We have analyzed the shape of the PTB in 22 larvae figured in Mortensen (1921, 1931, 1937, 1938) as well as in larvae of L. pictus and C. atratus. In his compendia of echinoderm larval development and morphology, the Danish zoologist Ole Theodore Jensen Mortensen (1868-1952) reared and produced detailed drawings of echinoderm embryos and larvae corresponding to 117 taxa from localities around the world. Aside from an obvious enchantment with echinoderm larvae, his desire to study their development was also motivated by his conviction (common in that era, and later supported by Wray, 1992) that larval forms had "classificatory value," particularly for establishing phyloge-netic relationships at the family level. Amidst the unity of type within classes of phytoplanktivorous echinoid larvae, morphological variations, particularly in the endoskeleton, contained phylogenetic signal. In the absence of live material. Mortensen's high-quality drawings of echinoderm larvae remain a key resource for analyzing certain aspects of variation in echinoderm larval form. With that in mind, we present the following analysis as a first approximation toward predicting the presence of an ADL in other echinoid taxa.

We examined variation in the structural elaboration of the PTB among 24 species representative of 14 families. Because, as in other parts of the larval body, the PTB is positioned on the ridge of the POVL, an analysis of the structural elaboration of the PTB is used as a proximate measure of overall structural elaboration of this region of the larva. It is important to note that we make three assumptions about the use of Mortensen's drawings (see Methods) for our morphometric analyses. These assumptions temper the strength of our conclusions.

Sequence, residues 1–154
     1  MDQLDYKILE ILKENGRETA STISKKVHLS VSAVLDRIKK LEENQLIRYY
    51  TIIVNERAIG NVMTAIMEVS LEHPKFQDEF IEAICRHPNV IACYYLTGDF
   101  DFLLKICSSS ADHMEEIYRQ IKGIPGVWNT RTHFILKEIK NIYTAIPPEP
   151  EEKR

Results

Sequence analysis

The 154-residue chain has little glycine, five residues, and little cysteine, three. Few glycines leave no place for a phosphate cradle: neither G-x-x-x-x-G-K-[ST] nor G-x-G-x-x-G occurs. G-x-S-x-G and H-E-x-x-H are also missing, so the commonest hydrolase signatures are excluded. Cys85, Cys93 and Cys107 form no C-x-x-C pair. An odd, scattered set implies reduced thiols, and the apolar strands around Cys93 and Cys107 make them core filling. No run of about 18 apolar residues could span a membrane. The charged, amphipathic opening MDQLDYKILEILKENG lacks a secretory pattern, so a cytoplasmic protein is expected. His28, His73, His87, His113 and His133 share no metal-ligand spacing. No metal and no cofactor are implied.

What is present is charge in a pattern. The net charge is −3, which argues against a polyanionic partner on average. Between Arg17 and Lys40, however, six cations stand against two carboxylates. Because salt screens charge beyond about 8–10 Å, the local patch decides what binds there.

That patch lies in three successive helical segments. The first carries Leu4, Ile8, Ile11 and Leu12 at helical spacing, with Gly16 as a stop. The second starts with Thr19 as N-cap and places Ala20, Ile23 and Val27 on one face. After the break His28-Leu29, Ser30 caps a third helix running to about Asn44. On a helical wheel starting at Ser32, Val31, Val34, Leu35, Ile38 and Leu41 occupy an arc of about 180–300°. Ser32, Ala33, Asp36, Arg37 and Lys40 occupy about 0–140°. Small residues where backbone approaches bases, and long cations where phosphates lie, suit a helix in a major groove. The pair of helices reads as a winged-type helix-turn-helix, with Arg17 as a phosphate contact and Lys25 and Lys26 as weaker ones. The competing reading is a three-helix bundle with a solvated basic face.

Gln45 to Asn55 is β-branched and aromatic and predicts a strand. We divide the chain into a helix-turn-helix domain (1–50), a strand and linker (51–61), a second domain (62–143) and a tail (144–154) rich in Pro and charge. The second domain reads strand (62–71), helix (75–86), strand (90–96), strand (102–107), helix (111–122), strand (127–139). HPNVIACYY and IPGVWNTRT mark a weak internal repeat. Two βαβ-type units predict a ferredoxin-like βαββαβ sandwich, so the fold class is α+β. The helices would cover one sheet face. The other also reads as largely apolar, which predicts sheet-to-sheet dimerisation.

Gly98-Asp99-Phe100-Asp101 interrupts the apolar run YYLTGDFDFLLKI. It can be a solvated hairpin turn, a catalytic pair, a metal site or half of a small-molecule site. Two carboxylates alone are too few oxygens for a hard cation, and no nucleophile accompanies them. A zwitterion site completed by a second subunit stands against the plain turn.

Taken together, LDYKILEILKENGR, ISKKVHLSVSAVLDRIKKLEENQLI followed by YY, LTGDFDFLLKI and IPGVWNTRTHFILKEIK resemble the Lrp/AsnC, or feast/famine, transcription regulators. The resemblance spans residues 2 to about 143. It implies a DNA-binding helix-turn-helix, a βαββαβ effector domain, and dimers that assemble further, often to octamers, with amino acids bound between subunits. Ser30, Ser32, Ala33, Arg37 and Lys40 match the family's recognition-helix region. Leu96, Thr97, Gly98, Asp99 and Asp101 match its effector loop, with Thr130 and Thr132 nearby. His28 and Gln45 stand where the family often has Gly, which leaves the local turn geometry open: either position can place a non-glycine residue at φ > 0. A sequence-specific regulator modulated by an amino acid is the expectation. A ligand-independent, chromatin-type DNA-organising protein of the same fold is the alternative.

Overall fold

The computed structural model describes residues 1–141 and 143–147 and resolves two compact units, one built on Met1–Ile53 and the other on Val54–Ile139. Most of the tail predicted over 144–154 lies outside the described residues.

The most obvious result of this analysis is that interspecific variation in elaboration of this region of the larva is approximately continuous. This result challenges our ability, based on shape alone, to unambiguously categorize the presence or absence of an ADL from either live material or images thereof (as done here and in Wray, 1992) and to make the attendant predictions about the presence of sensory neurons (Fig. 7) . To address this problem, we created an elaboration index (EI) that represents a quantitative assessment of structural elaboration. Because larval size also varies, we chose a scale-free method (see Fig. 7A and Methods). If feeding peformance is the primary explanation for larval convolutions, then larval size should correlate positively with the EI values that we generated. As an estimator of larval size, we measured the length of the larval body (excluding arms) along the antero-posterior axis (Fig. 7A). Larval length was then regressed against EI values (Fig 7B).

We found that EI scales positively but weakly with larval size, suggesting that larval size is not a good explanation for structural elaboration of this region of the larval body. This is an interesting result because it provisionally supports alternate explanations for convolutions of larval form in addition to those described above. We use "provisionally" here because larval length is only one metric of larval size and more comprehensive morphometric analyses might generate a significant positive allometric relationship between the elaboration of the PTB and larval body size.